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Old 04-09-2011, 09:36   #8
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Originally Posted by greenlion View Post
If .40 S&Ws can push a 135gr bullet to 1420 fps, PLUS a 165 gr @ 1240fps, plus a 180gr @ 1150fps, all the way up to a 200 gr @ 1100fps, why does anyone need the .357 sig?

The 125 grain .357 SIG is a smaller bullet and it only has 100fps higher velocity than the larger 135 gr .40S&W. If you up the weight of the .357 SIG to 147 grains, it only makes 1296fps, compared to a heavier 165gr .40S&W at 1240.

On top of that, Double Tap loads a 125 grain .40S&W load at 1445fps, lagging behind the .357 SIG round by only 5 fps.

I don't see the need to hang on to the .357 SIG round when it is already scarce on store shelves and is more difficult to reload and re-use brass, being a necked down cartridge.

Someone defend it and prove me wrong
Most newbs into shooting & ballistics miss the sectional density part of any caliber. The SD of the 135gr/40 is the same as the SD of a 105gr/357. So if both bullets have the same construction, both penetrate the same. You can drive a 105gr 357sig to 1600fps, so make both a monometal HP & the 357sig wins the penetration & tissue destruction do to the higher vel.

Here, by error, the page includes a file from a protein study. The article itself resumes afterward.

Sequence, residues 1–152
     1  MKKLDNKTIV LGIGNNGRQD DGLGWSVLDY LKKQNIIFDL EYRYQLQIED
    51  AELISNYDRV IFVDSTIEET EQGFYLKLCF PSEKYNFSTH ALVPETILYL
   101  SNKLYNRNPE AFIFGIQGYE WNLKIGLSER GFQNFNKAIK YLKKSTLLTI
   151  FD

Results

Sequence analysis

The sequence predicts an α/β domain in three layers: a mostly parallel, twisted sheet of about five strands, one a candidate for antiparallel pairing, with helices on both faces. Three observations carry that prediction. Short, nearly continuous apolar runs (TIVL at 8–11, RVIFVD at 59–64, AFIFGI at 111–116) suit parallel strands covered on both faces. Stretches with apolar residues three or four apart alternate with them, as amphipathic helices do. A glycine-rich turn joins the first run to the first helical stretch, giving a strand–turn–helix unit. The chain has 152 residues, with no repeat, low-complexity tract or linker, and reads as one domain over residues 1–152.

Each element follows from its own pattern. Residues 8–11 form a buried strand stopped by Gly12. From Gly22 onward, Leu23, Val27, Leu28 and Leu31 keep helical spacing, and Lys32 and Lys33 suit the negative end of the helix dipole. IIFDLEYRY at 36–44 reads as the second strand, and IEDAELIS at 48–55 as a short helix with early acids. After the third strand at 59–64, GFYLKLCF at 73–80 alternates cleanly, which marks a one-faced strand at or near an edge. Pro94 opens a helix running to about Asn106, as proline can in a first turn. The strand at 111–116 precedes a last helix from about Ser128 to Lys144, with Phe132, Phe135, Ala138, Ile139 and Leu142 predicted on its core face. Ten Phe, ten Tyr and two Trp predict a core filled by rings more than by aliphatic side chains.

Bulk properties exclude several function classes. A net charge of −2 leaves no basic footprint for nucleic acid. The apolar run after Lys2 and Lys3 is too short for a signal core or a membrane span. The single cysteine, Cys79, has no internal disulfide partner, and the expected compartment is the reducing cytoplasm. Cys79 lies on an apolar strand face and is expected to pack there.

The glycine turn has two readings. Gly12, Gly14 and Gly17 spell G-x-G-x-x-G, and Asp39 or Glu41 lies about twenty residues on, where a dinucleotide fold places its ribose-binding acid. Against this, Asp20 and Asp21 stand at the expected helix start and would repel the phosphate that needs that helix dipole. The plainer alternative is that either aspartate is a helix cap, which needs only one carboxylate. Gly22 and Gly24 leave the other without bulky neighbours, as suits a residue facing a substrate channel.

BTW, the 357sig can handle heavier bullets. I can drive the 135grSGDB to almost 1300fps. That is slightly better than a 165gr/40 & going about 100fps faster. It's a shame that Speer doesnt' play w/ this though, it would be a good one, but better than the 125gr @ 1350fps+, probably not. You would get more penetration out of it, but it's already got a good rep for that.
"Given adequate penetration, a larger diameter bullet will have an edge in wounding effectiveness. It will damage a blood vessel the smaller projectile barely misses. The larger permanent cavity may lead to faster blood loss. Although such an edge clearly exists, its significance cannot be quantified".

Last edited by fredj338; 04-09-2011 at 09:40..
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